Beginner auctions – Getting used to penny auctions

One of the latest trends in bargain shopping is the use of bidding fee, or penny, auctions. For those exploring the world of beginner auctions, getting used to penny auctions can be tricky. But once participants have successfully navigated the system, they find that they can save significant money on items such as apparel, jewelry, and electronics. Several of the most common penny auction sites are Beezid, QuiBids, HappyBidDay, DealDash, YNL (YouNeverLose) and PisoBid.

The penny auction process is easy. Participants purchase bids, usually in large quantities such as 50-60-100-200 bid packs and with the price per bid ranging anywhere from ten cents to a dollar. There is typically no membership fee but, unlike sites such as eBay, participants need to purchase bids upfront to participate in the bidding. Once bids are purchased, members can make a bid on items available on the site. Each bid raises the price by one cent (hence the name, penny auctions) and restarts the bid clock. The highest bid when the clock runs out wins the auction. Participants can then pay for the item and have it shipped. Items usually come with standard warranties. Some sites do allow participants to purchase items at full price and to apply their bids to the cost of the item if they do not win the bid. Other sites also have a “no jumper” rule where participants cannot jump in and make an initial bid once the price gets to a certain level. These sites also typically disallow groups of family members, friends, and co-workers to bid as one and also limit how many bids an individual can win per a set time period.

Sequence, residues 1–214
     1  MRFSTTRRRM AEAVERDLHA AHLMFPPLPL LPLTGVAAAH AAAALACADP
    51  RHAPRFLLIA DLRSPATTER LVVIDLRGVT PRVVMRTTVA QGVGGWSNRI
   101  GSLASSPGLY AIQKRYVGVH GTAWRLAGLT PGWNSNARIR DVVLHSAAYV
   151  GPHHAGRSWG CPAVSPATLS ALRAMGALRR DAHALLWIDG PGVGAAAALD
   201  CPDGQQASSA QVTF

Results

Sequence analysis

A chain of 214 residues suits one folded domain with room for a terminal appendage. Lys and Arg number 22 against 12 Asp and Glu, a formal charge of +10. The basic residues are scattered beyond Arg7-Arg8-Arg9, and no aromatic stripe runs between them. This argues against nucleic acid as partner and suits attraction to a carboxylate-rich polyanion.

Once an individual gets the hang of the bidding process, getting used to penny auctions is easy. The key is to not get caught up in the excitement and map out a strategy for bidding. Veterans of the penny auctions recommend several tips for beginners. Some participants recommend targeting smaller, lower profile items such as gift cards to get become comfortable with the bidding process before trying to win higher value items such as televisions or computers. Some participants like to bid during the wee hours of the morning when fewer bidders are online and watch bidding patterns. Another frequent bidder likes to scare off opponents off by outbidding everyone right after they have placed a bid. Several of the websites offer the opportunity to obtain “free bids” by “friending” the site on Facebook or Twitter or encouraging friends to join.

There has been some criticism of penny auctions and scams do occur. One scam involving Craigslist has a “seller” of an item referring would-be buyers to sign up for a bidding fee auction site. The site then charges customers an up-front fee for a pack of bids and pays a commission to the scammer who referred the new customer to the site. Make sure that the site is a member in good standing and accredited with the Better Business Bureau. The Better Business Bureau recommends that penny auction participants know how the bidding works, set a limit for bidding and be prepared to walk away once the limit is reached. By following these simple guidelines participants can enjoy the benefits of beginner or penny, auctions without ending up a “day late and many dollars short.”

 

Comments are closed, but trackbacks and pingbacks are open.